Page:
Wax And Wane Pt 3

From the Story Arc: Coming Home

Previous Story in the Arc: Wax And Wane Pt 2 by Victoria Victrix (Monday, January 12, 2009)

Next Story in the Arc: Wax And Wane Pt 4 by Victoria Victrix (Monday, January 12, 2009)

(posted Monday, January 12, 2009)

((written by Red Djinni))

Kings Row, the west side.

The safehouse had once been a hub of activity for the Jester’s Fury, one of the many supergroups that had fallen and faded from the public eye. The surviving members had scattered to the winds. Some had retired while others had stayed on as some of Paragon’s greater or lesser known heroes. The rest had travelled to the far reaches of the globe. There were other places to fight the good fight.

One of the Furies, Rancor, had kept the safehouse. For years it had been a place to hide, to plan and sometimes to stash those he needed to protect. These days, it was the home of one of his lieutenants. Her name was Juhana, callsign “Pride’s Edge”. Her story had been lovingly crafted on the fantasy of some superhuman race, a distant cousin to man and feline. She certainly looked the part, and she had fooled them all. She had even fooled Rancor. She sat in front of a glowing terminal and entertained herself by sifting through his incoming intel, smug in her certainty of his trust.

“Bah, this human technology,” she had once snarled to him. “What would I know of it? Why would I care for it?”

The short, trusting fool, she smirked, hacking past his main security measures. She began to scan the most recent reports, paying particular attention to reports on Council activity. Too bad she couldn’t go further. The paranoid little man, gone for months without so much as a goodbye, had somehow placed mystical barriers and booby-traps on the more interesting files stored on this and other terminals scattered about the city. She would have given much to see them, but to have access to the regular reports Rancor received from his host of contacts was enough to keep the Master happy.

She blinked as the screen burped and flickered, and went blank.

“What…?”

A sharp staccato beat steadily from the terminal as words flashed across the screen.

Initiate: End of Days

“WHAT?”

The room lit up, as hidden glyphs flared to life on the floor, the walls, the ceiling. A strange sigil, resembling an enormous glowing eye, manifested in the center of the room. Juhana shrieked as the room was cleansed in a flash of magical fire. She lowered her trembling hands in awe. The room, save herself and the terminal, has been razed to smoking ashes. She stood there, stunned, until she realized the terminal was still hard at work. She spun and watched as the screen erupted in a flurry of activity. Encoded messages, transmitted on secure channels, rapidly scrolled by. Her eyes flickered in desperation to keep up. She only managed to catch a few lines, her attention drawn to a few familiar names.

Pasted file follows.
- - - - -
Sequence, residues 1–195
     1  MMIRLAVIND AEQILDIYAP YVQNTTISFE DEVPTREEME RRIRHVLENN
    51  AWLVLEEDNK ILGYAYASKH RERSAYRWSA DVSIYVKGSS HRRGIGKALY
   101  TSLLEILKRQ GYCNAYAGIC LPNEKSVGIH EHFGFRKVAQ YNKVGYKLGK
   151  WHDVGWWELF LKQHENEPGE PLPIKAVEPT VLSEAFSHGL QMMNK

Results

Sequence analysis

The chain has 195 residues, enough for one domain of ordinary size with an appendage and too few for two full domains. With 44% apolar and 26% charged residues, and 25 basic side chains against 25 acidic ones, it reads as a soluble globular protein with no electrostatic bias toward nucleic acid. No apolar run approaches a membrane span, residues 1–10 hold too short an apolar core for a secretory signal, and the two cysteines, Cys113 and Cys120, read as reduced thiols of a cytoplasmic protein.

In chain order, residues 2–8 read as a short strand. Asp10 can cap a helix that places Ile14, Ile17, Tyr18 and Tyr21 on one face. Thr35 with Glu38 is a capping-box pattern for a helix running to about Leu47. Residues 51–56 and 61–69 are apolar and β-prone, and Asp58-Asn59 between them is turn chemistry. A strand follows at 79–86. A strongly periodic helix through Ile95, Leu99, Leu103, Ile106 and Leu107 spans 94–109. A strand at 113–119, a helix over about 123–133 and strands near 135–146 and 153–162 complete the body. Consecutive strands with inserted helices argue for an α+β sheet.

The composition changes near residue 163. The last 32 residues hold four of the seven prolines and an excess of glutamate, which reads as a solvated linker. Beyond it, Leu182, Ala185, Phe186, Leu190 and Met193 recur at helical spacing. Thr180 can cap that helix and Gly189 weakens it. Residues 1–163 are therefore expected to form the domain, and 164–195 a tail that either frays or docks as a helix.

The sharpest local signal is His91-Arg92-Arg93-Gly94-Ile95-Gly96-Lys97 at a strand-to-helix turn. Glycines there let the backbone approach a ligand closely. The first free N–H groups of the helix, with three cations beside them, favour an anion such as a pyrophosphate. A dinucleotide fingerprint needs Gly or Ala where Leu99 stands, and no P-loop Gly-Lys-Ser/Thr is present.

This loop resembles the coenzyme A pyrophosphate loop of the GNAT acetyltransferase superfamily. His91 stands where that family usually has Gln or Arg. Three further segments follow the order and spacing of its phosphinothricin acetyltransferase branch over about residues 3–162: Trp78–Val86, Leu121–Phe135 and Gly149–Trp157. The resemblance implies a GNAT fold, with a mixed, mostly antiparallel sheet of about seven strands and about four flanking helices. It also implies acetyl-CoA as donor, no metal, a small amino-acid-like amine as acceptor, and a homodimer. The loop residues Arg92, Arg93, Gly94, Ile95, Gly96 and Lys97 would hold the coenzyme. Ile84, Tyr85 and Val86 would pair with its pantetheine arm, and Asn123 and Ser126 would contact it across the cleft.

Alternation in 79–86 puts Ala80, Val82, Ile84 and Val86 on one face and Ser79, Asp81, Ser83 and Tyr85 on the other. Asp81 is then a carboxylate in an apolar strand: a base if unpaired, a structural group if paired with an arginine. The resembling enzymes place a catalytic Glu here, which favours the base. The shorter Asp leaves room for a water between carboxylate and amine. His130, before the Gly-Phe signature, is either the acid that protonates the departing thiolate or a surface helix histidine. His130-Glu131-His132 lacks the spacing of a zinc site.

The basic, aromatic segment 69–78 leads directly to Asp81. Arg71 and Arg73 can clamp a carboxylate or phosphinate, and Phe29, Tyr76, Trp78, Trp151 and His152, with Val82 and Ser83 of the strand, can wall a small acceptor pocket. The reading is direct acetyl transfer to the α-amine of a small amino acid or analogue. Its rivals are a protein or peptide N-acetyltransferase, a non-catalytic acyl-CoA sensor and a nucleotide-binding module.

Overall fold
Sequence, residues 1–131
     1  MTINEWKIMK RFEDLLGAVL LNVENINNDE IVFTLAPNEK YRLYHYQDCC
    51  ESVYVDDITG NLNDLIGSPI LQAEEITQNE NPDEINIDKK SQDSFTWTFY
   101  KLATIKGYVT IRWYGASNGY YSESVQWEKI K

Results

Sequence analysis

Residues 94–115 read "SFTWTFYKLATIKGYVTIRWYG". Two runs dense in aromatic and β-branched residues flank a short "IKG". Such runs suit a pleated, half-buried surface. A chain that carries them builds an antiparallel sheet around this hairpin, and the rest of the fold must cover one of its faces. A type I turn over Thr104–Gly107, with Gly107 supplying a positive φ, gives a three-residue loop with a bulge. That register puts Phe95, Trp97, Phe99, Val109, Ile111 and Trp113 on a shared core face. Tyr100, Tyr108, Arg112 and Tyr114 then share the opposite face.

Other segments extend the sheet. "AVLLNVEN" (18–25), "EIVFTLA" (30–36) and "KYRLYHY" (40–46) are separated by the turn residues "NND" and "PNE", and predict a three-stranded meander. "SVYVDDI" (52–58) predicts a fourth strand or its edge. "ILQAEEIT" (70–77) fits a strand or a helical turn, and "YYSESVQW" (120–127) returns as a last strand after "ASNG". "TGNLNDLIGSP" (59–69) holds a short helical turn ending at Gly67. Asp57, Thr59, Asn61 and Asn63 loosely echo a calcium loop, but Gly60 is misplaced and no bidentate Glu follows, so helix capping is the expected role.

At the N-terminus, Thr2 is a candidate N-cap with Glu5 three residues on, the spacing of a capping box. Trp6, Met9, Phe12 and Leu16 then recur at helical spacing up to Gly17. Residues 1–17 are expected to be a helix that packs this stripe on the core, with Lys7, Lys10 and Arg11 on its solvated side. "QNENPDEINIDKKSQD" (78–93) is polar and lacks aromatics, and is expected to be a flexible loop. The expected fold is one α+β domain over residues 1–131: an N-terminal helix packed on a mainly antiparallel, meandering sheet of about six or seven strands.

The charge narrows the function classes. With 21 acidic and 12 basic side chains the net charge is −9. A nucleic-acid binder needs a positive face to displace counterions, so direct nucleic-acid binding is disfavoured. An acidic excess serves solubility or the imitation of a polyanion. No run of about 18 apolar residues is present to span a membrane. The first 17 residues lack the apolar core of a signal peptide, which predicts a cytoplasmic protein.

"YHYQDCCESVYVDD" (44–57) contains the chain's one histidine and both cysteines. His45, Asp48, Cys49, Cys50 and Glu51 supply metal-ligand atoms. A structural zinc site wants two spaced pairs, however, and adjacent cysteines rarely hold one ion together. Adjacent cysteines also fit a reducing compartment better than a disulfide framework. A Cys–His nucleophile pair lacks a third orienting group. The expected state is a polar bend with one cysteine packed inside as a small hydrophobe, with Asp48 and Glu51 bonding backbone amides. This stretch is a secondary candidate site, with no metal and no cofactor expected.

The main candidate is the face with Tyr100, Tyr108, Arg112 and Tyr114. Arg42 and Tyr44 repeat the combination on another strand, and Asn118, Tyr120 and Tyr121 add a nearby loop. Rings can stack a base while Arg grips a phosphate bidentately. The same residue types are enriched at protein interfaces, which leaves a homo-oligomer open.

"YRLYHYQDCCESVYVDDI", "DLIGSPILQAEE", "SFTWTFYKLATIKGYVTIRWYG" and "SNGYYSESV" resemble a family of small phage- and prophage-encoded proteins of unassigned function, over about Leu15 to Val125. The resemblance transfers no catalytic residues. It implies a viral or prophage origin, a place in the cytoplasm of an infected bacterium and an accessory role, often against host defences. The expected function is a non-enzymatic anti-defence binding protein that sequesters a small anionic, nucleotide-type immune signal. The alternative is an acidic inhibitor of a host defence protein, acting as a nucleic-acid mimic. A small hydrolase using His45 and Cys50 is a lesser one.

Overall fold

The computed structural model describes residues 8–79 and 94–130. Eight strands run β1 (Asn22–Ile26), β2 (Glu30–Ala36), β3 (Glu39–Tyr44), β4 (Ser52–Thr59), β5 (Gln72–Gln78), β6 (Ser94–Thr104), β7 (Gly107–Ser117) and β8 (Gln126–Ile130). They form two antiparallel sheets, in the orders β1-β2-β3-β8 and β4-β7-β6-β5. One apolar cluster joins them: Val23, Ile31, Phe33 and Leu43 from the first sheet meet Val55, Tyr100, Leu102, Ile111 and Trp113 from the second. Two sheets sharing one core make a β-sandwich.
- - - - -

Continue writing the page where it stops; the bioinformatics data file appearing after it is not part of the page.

…yes, I’ve been away. My apologies, Mandy, for not telling you. Whatever intel you have sent, be assured that it is still being processed, still being used by trusted people…

… it’s time, Jack. You’re ready…

… don’t care what that Nagy girl tells you, it’s three quarts of milk, not two…

… want to thank you, Miranda. That memo on the Skulls last Christmas, that helped end a pretty bitter gang war…

… don’t trust you, Dartmouth. But then, I never had to…

… won’t be there for the end, Lukas. Give Vivian a kiss for me, and when it’s time, make sure you aim for her heart. Better yet, take off her head. Her regeneration’s a monster…

… approached in time. You’ll know when it’s for real, Victrix. I’m sure the phrase they’ll use will ring a few bells…

… but it’s getting to be that time. I won’t be back, Susan, not if you’re getting this. I love you. I’ve never said it before, but I do.

And at the last, the words stopped moving. Juhana’s comm unit began to beep, but she paid it no heed. She was fixed on reading her own name on the screen.

… and here, at the end of it, I wanted you to know, Juhana darlin’. I knew it all along. But you should have guessed, I even told you once.

Best to keep your enemies close.

Give my regards to Requiem. May you both rot in your own filth.

“No,” Juhana snarled, her hands clutching the side of screen. The monitor went black. The great eye of the sigil widened.

And looked at her.

“NO!” Juhana screamed, her last breath of defiance as the glyphs gained voice, shrill and terrible. The safehouse disappeared, imploding, leaving in its wake only a roar of rushing air to fill the void.

Outside, Kings Row began to wake. People stirred, went through their morning rituals, and went about their day. Few noticed the newly vacant lot.